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    Home | Art

    Carpenter crafts his way to cyber stardom

    By Shi Ruipeng and Ye Zizhen | China Daily | Updated: 2020-07-23 07:47

    Wang Dewen, a 63-year-old carpenter, uses traditional techniques in the woodworking object he makes. [Photo provided to China Daily]

    Consider Wang Dewen a fortunate man. While most people may be content to settle for one profession so long as it's a reasonably good fit, Wang has had three distinct incarnations over his lifetime. First, at a young age, he was a farmer; then he became a carpenter; and now, at age 63, he has become an internet celebrity.

    Wang's YouTube account under the moniker Grandpa Amu, has 1.2 million followers. On video-sharing platform TikTok he has 2.6 million followers.

    In Grandpa Amu's videos, he uses traditional Chinese mortise and tenon skills to make different wooden products, the same skill used in many classic structures in China, including the Forbidden City in Beijing.

    The videos range from one minute to more than 20 minutes. Some were shot in front of his workshop, a wooden cabin, and others in the village where he lives with his grandson amid lush green trees and accompanied by the sound of a pleasant brook.

    Watching Wang go about his work is a relaxing, even meditative experience brought by the Chinese folk atmosphere and soothing light background music, according to netizens.

    Viewers may be surprised by Grandpa Amu's craftsmanship-no nails or glue are used, but the structures he builds are strong.

    Wooden models he has made include a replica of the Chinese pavilion at the 2010 Shanghai World Expo, a Lu Ban chair, a Peppa Pig toy, a jumping kangaroo and an interlocking puzzle in the shape of an apple.

    Followers' comments are appreciative, such as: "Astounding craftsmanship. And indeed no nails. What he can do with a couple of pieces of wood and an old saw is amazing."

    Another of his followers on the internet said: "This is so beautiful to watch, but with modern tools and technologies, these traditional crafts may become obsolete. Please keep passing it on."

    Wang, who was born in Liaocheng, Shandong province, had a hard upbringing. His father died in an accident when Wang was 9, and soon afterward the boy took on the responsibility of being the man of the house and helping his family make ends meet.

    To do so, farming was insufficient, he felt. So he set out to learn another skill, becoming an apprentice carpenter with one of his relatives. In the decades to come he would become a master craftsman.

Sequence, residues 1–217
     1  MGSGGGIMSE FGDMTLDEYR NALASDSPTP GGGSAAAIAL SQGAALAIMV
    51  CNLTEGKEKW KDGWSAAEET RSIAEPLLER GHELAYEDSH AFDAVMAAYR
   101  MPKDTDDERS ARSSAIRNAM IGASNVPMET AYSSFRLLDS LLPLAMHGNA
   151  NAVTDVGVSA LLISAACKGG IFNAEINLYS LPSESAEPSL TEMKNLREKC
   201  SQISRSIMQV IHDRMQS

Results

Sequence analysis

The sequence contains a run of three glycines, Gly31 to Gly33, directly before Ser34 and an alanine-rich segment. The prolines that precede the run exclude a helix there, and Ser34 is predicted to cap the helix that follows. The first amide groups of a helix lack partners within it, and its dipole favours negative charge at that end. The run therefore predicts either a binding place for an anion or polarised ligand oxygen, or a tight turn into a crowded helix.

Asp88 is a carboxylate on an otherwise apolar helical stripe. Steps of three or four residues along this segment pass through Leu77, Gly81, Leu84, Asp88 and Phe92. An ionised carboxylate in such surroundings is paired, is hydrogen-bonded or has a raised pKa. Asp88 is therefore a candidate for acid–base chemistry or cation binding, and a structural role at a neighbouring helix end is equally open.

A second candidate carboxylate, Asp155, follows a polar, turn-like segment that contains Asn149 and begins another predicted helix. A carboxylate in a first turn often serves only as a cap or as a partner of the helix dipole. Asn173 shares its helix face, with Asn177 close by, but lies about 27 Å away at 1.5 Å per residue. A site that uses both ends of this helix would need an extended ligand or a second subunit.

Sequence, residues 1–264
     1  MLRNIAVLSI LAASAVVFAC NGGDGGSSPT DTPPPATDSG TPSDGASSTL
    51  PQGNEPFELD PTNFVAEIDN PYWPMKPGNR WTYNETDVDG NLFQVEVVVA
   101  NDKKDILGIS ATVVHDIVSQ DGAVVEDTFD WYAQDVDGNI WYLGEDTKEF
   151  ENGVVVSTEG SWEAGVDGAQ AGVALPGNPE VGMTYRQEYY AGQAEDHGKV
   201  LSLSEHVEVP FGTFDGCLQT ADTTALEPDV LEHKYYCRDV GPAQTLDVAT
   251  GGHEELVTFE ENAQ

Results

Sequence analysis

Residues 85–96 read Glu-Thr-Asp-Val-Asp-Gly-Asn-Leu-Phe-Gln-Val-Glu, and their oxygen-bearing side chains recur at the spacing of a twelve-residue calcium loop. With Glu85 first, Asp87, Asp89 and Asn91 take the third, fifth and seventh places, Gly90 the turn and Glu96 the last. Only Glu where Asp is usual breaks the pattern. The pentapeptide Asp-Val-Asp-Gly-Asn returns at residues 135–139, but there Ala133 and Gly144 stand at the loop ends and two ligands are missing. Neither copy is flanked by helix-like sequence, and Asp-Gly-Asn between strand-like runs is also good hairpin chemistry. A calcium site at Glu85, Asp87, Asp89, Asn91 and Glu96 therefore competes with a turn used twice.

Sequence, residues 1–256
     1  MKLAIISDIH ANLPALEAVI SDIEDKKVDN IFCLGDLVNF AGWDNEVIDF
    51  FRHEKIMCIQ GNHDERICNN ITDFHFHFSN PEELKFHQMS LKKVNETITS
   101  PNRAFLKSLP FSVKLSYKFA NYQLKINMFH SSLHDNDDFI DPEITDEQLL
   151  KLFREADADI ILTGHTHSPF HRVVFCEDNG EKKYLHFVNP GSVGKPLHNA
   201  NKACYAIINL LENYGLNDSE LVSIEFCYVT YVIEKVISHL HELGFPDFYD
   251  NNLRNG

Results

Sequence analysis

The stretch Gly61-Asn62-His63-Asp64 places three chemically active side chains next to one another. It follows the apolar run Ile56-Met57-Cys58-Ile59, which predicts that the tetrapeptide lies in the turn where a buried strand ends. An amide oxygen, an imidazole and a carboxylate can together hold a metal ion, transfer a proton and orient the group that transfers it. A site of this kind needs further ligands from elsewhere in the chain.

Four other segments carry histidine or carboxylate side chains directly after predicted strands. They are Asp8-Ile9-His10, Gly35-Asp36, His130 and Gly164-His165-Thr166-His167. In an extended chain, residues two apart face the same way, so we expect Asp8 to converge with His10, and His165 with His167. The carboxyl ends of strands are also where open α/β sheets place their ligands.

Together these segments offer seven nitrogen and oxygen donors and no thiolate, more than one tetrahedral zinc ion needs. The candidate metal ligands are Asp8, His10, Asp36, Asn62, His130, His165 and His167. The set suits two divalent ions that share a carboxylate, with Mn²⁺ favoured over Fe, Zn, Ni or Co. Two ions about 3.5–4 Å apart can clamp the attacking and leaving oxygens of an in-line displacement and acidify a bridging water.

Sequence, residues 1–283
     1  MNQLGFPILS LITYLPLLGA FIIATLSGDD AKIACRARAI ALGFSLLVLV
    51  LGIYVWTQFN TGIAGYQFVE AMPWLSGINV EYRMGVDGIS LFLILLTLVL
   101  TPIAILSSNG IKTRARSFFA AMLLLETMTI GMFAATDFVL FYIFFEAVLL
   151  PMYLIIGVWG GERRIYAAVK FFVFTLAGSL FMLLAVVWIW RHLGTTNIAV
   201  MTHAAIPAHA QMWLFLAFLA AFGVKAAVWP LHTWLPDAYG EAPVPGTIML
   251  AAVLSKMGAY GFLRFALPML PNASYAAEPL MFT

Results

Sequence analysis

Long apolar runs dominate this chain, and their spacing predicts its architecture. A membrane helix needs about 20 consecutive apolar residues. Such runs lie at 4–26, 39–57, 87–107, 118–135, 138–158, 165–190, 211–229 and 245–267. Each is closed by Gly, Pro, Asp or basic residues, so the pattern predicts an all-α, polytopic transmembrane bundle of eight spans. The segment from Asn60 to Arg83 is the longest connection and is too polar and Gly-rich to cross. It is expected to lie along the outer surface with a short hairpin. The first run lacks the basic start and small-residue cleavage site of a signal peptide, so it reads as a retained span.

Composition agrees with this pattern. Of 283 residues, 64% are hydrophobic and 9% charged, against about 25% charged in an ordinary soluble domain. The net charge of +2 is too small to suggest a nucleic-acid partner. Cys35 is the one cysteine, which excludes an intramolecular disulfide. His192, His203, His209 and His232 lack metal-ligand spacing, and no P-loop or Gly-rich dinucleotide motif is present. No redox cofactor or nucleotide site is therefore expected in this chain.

"I think that in this line of work being passionate makes it enjoyable," Wang said. "But you have to keep improving what you do, even if at times that may prove painful. From the very early days, I loved carpentry, but making things requires patience, concentration and thoughtfulness. What you're looking for in anything you make is beauty and balance."

    Wang said it takes him between three and seven days to make something, with the steps including measuring, drawing lines on the wood, drilling, gouging and polishing.

    In 2017, Wang moved from his home in Shandong to Wuzhou, in the Guangxi Zhuang autonomous region in southern China, to live with his son and take care of his grandson. Most of the things he makes in the video are toys that are eventually given to his grandson.

    Ancient skills

    The idea of shooting videos of his work soon sprouted.

    "We want friends from overseas to have an idea about rural life in China," said Huang Chunmei, Wang's daughter-in-law. "We want to show them ancient Chinese skills."

    Very few houses in China are made of wood these days, so this modern-day carpenter, who has skills that date back hundreds of years, is one of a rare breed.

    Not long after Wang began posting videos on YouTube, some internet users began referring to him as a latter-day Lu Ban, a craftsman in Shandong who lived from 507 BC to 444 BC and is commonly referred to as the father of Chinese carpentry.

    "I'm just an old farmer, and my carpentry skills can't match those of my forebears," Wang said. "I just want people to enjoy my videos as I show them some very interesting and sophisticated things."

    Carpentry, farming and playing with his grandson are at the center of Wang's everyday life.

    His son, Wang Baochen, who helps his father produce the videos, said: "We're eager to improve the quality and content of our videos, to highlight the uniqueness of this ancient Chinese skill. We're now considering holding offline activities so people can get a closer look at the process."

    The popularity of the videos has made them the family's main source of income, Wang Baochen said.

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